This slideshow requires JavaScript.

Thank you to Penguin Random House Canada for sending me a copy for review!


Despite garnering enormous praise and love from fans and critics for the first season released in 2019, creative differences with WarnerMedia, budget shortfalls, and mysterious circumstances have led to a cancellation of this TV series adaptation with only season 1 available today.



30 thoughts on “Saga of the Swamp Thing (Book One) by Alan Moore

  1. Moore, portraying Superheroes as incompetents? Man, he really has that schtick down, doesn’t he?

    As for the tv show, I have to say I’m surprised, as DC has seemed to do pretty well on the silver screen.

    Liked by 1 person

    1. Hahahaha at least the premise of this series isn’t focused on superheroes, he just made it clear that it wasn’t their terrain.

      It is sad but I think it’s because they launched the show on their new streaming service and that wasn’t ideal for the show… especially when it isn’t accessible to everyone around the world and isn’t an easy hook for people to subscribe to…

      Liked by 1 person

      1. I really feel that DC shot themselves in the foot with trying to start their own service. They really should have gone with an already existing service. Oh well, I’m not in charge of them 😀

        Liked by 1 person

  2. Fantastic review Lashaan of a remarkable run of comics. I read through all six volumes throughout last year and it really is (for the most part, it goes a little ‘off the rails’ towards the end I think) another astonishing work from Alan Moore with wonderful artwork. Metaphysical is definitely the right word to describe this run succinctly. I enjoyed the original Wein/Wrightson comics but I love the way Moore takes what was a fun monster/horror title and dive deep into themes of mythology and identity. The redefined origin of Swamp Thing is pure genius and makes the character that much more interesting.

    Man, I was gutted about the series being cut short – I currently have two episodes to go and it feels like there’s so much more to be done with it and to develop over subsequent seasons, which we now won’t get. It’ll be interesting to see what happens with Swamp Thing in live action now with J.J. Abrams being handed the keys to the Justice League Dark franchise in film and TV.

    Liked by 1 person

    1. Thank you so much, Chris. I look forward to completing this run and then checking out Snyder’s take on it. I really did love the direction he went to reinvent the character, it really gives him that Frankenstein kind of twist to the character.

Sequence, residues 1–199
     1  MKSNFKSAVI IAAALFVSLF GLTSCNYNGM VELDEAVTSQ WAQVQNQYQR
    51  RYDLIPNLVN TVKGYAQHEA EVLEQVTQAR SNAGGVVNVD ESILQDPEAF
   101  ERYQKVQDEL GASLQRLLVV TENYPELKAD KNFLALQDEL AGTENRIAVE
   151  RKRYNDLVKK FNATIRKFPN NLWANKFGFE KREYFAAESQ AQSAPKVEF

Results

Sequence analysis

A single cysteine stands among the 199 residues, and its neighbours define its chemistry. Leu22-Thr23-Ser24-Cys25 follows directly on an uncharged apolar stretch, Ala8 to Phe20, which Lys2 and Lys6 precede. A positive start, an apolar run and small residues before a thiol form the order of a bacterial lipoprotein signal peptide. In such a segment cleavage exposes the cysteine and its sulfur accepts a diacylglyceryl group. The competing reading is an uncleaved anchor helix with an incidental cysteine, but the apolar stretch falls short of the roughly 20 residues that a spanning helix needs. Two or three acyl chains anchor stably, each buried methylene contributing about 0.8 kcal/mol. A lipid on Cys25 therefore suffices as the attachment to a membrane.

Oh man, I hope that J.J. Abrams project will come out some day. So much potential in the mere idea of it.

      Liked by 1 person

      1. I hope to eventually check out the Snyder run myself – would be interested to hear your thoughts on that. If you’re in Swamp Thing mode I’d also recommend checking out the Tom King/Jason Fabok Winter Special from a couple of years ago (it’s reprinted in the recent ‘Swamp Thing: Roots of Terror’ collection) – great story and phenomenal art!

        Speaking of Fabok, couldn’t be more excited about us finally getting a release date for Three Jokers!

        Liked by 1 person

  3. Lashaan I had to look what hypnagogic meant LOL. But I do agree with you on the art in this book! Excellent and instructive review.

    Liked by 1 person

  4. I didn’t realize Moore worked on Swamp Thing. I might have read a couple issues when younger, though I don’t know for sure. If I did I wouldn’t have had a clue who Moore was at that time. I do recall watching the ’80’s movies. It’s interesting (and good) to see this material still out there.

    Liked by 1 person

      1. You know, I really don’t remember all that much about the movies. I suspect I enjoyed them, but I was a kid who enjoyed ALL the “monster” movies of the time, no matter how corny or poorly made. I had no taste whatsoever at the time, and can’t claim to have much more now. 🙂

        Liked by 1 person

Leave a Reply

Fill in your details below or click an icon to log in: Logo

You are commenting using your account. Log Out /  Change )

Facebook photo

You are commenting using your Facebook account. Log Out /  Change )

Connecting to %s